Chronic cocaine reduces RGS4 mRNA in rat prefrontal cortex and dorsal striatum

Marek Schwendt, Matthew C. Hearing, Ronald E. See, Jacqueline F. McGinty

Research output: Contribution to journalArticlepeer-review

19 Scopus citations


Neuroadaptations affecting dopamine transmission within the prefrontal cortex and striatum are thought to underlie relapse to cocaine seeking after extended periods of abstinence. Regulator of G-protein signaling 4 (RGS4) is a forebrain-enriched protein known to be dynamically regulated by dopamine receptors in response to acute psychostimulant administration. In this report, chronic noncontingent (cocaine binge) or response-contingent (self-administration) delivery of cocaine followed by 2-3 weeks of abstinence resulted in a decrease of RGS4 mRNA in the dorsal striatum and prefrontal cortex. Furthermore, re-exposure to the cocaine-associated context after abstinence renewed the drug seeking and restored the levels of RGS4 mRNA to control values. Changes in RGS4 mRNA levels might signal abnormal receptor G-protein coupling that impacts cocaine seeking.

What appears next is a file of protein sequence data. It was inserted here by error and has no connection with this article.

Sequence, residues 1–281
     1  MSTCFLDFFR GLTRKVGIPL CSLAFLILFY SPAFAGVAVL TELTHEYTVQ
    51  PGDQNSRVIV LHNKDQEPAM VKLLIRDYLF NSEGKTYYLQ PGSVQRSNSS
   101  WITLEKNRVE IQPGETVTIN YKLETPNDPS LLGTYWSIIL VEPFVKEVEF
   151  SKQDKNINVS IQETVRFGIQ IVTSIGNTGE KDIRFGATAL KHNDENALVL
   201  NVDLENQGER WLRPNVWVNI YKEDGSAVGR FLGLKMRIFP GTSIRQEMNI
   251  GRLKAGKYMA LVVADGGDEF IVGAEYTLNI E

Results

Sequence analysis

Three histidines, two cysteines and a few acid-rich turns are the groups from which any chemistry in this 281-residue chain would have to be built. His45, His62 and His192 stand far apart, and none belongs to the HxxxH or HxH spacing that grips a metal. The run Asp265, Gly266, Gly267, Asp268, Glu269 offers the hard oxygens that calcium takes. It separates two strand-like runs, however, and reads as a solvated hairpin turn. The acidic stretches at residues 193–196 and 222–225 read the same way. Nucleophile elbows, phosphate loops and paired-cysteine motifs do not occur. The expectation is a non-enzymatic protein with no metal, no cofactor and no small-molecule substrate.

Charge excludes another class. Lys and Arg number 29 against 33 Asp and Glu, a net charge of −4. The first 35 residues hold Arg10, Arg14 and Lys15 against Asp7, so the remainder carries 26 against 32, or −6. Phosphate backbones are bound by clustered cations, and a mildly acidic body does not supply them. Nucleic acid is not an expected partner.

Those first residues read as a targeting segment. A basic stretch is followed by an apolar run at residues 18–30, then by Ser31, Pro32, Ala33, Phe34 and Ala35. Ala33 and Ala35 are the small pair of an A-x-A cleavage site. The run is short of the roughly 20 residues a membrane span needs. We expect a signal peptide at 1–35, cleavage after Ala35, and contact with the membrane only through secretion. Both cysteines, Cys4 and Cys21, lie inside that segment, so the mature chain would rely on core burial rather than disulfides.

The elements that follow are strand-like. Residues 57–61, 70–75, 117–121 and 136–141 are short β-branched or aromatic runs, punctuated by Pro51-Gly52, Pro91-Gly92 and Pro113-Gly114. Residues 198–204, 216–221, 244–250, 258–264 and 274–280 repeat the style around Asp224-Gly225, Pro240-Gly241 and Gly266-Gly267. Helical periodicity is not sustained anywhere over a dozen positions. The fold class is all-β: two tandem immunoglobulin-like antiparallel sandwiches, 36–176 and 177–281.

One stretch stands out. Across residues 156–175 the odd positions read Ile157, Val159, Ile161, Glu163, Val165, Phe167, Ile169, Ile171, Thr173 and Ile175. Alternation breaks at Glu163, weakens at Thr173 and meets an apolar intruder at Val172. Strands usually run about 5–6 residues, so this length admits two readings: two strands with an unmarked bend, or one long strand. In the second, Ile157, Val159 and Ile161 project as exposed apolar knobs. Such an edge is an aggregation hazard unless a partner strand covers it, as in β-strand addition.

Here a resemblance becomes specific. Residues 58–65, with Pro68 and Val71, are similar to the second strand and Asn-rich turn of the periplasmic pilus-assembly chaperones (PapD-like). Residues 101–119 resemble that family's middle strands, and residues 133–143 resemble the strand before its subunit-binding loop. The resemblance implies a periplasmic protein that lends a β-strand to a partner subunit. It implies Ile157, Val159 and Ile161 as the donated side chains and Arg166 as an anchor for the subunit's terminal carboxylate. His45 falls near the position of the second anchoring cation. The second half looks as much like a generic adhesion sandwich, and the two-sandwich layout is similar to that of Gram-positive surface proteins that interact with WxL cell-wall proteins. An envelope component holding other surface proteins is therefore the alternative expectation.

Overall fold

Original languageEnglish (US)
Pages (from-to)1261-1265
Number of pages5
Issue number12
StatePublished - Aug 2007


  • Abstinence
  • Addiction
  • Cocaine
  • G-protein
  • In-situ hybridization
  • Relapse


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